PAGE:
An important consideration when investing in private equity is the preferred return, which is not a standardized term and has many variations. At the highest level, private equity investors should understand what the preferred return is as well as how its calculated, what the catch-up is (if any) and whether there are claw back provisions. Additionally, investors should evaluate whether the preferred return is simple, compounded, cumulative, and so on.
Performance fees are also known as carry, carried interest, performance allocations, incentive allocations, or incentive fees (among other terms) and I’ll be using them interchangeably. Private equity funds are typically long-term closed-end vehicles, so the below information and examples are more conceptual than anything else. They are examples of private equity preferred returns and investors are encouraged to carefully read the legal documents of any prospective investment.
Preferred Returns: Pure vs Catch-Ups
Pure Preferred Return
Pure preferred return is also known as a “true preferred return” or a “hard preferred return” (similar to a “hard hurdle” in hedge fund lingo, although use the term in a private equity context too). A pure preferred return means that the manager only collects a fee on the performance above the preferred return. This arrangement is more investor-friendly than the alternative of a “preferred return with catch-up.” Below is a detailed example of a private equity pure preferred return:
In the above example, the manager charges a 20% performance fee above an 8% preferred return. Since the fund returned 10%, the performance fee is .4% (20% multiplied by 2%).
Preferred Return with Catch-Up
A preferred return with catch-up means that the manager collects fees back to the first dollar of performance (the manager “catches up”), assuming that gross performance exceeds the preferred return. This arrangement is more manager-friendly than a pure preferred return. Below is a detailed example of a private equity preferred return with catch up:
In the above example with catch-up, the manager also charges a 20% performance fee above an 8% preferred return. However, the fee is applied on all returns (assuming fund performance exceeds the preferred return). So the performance fee is 2% (20% multiplied by 10%).
Once performance hits 7%, all additional returns accrue to the manager until gross performance surpasses 8.24% (because 7% is 85% of 8.24%). In other words, investors receive the returns from 0% to 7% and the manager receives returns from 7% to 8.24%. Returns of 8.25% and beyond are split 85%/15% between the investors and manager.
A 50/50 catch-up is a common catch-up structure, although it could be 60/40, 75/25, or any other combination.
Let’s look at an example of a private equity preferred return with a 50/50 catch-up. A private equity fund fund has 20% performance fee above a 10% preferred return with a 50/50 catch-up provision. In this case, the investors would receive all of the returns up to 10%. Additional returns would be split 50/50 until gross returns hit 12.5%. At 12.5%, the manager would be fully caught-up since they would receive 50% of the returns from 10% to 12.5% or 1.25% (which is 10% of 12.5%). Returns above 12.5% would be split 90/10 between the investors and manager.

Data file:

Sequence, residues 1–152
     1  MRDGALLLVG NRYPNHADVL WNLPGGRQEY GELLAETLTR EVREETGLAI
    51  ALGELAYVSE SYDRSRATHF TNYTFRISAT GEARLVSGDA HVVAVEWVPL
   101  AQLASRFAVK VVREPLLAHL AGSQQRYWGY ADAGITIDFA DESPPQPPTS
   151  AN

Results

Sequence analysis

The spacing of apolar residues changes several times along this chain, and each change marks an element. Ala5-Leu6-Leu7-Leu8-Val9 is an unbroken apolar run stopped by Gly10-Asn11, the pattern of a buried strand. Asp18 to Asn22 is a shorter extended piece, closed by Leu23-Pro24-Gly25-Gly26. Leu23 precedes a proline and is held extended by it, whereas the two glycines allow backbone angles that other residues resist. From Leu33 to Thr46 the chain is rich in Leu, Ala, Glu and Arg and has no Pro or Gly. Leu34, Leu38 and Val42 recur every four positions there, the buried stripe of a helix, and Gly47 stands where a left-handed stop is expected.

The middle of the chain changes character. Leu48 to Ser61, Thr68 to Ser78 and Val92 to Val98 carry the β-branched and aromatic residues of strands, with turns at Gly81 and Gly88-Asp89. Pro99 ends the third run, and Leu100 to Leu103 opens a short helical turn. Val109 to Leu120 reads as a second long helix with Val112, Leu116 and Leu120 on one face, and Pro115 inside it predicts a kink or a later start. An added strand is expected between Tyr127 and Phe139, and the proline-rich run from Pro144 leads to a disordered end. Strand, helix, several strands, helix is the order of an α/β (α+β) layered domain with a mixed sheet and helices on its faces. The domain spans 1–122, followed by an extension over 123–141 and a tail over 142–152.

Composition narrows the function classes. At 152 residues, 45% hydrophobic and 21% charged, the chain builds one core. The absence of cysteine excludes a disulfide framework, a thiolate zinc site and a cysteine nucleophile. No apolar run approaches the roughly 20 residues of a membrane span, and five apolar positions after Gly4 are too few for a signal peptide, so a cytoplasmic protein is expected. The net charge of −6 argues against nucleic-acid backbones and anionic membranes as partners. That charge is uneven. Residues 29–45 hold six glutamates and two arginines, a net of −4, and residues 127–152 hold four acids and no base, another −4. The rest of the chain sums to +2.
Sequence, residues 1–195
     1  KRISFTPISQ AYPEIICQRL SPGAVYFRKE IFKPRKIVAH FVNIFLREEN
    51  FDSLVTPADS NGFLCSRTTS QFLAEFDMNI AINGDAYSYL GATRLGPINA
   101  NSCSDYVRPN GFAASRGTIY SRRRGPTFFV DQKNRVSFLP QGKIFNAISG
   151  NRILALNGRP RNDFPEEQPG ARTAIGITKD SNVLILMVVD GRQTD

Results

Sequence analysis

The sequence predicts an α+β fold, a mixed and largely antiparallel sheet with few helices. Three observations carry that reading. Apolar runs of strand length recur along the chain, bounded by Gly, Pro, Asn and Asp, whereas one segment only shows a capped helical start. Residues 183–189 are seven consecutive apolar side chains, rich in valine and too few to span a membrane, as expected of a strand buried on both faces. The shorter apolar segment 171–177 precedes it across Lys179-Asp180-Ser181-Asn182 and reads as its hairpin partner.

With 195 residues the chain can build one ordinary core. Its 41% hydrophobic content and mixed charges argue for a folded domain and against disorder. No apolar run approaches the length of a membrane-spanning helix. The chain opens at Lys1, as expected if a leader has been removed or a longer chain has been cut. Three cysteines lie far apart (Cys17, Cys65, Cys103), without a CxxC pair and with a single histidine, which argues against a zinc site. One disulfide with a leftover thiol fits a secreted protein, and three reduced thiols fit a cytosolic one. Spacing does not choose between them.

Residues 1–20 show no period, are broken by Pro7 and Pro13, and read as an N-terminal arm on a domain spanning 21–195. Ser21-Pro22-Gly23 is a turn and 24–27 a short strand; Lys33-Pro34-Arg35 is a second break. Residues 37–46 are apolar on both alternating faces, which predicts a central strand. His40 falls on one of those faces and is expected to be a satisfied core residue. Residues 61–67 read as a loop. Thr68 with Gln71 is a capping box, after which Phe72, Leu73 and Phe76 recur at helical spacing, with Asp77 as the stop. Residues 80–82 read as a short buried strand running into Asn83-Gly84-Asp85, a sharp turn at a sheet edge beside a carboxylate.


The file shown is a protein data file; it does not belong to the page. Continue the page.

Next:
Catch-Up Modifications and Limitations
Some funds have a structure where the manager earns carried interest back to the first dollar of performance (assuming that gross performance exceeds the preferred return), but the performance fee is reduced if it would cause net returns to be lower than the preferred return. Below is a detailed example of this modified structure private equity waterfall structure.
This structure allows managers to retain the upside, while somewhat protecting investors.
Tiered Preferred Returns
Similar to how a catch-up allows managers to have more upside than a pure performance return, a tiered preferred return allows managers to capture even more upside as performance increases.
Here’s an example of a private equity fund with tiered performance fees. The performance fee may be 20% over an 8% preferred return, 30% over a 12% preferred return, and so on. The performance fee can be structured to only apply to returns above the preferred return or to go back to the first dollar of returns. So an investor may pay a 20% performance fee up to 12% and a 30% performance fee on returns above 12%. Or they might pay 30% on all returns if the performance is above 12%. The fees at different tiers can also be limited so as to not push returns below the tier that they are being charged fees for.
Some investors believe that tiered preferred returns in private equity improve the alignment of interests between managers and investors, while others believe that it incentivizes risky behavior.
Simple, Compounding, and Resetting
Regardless of whether a private equity fund has a pure preferred return or a catch-up, it is important to note how the preferred return rate is quoted and how it works.
Simple Preferred Returns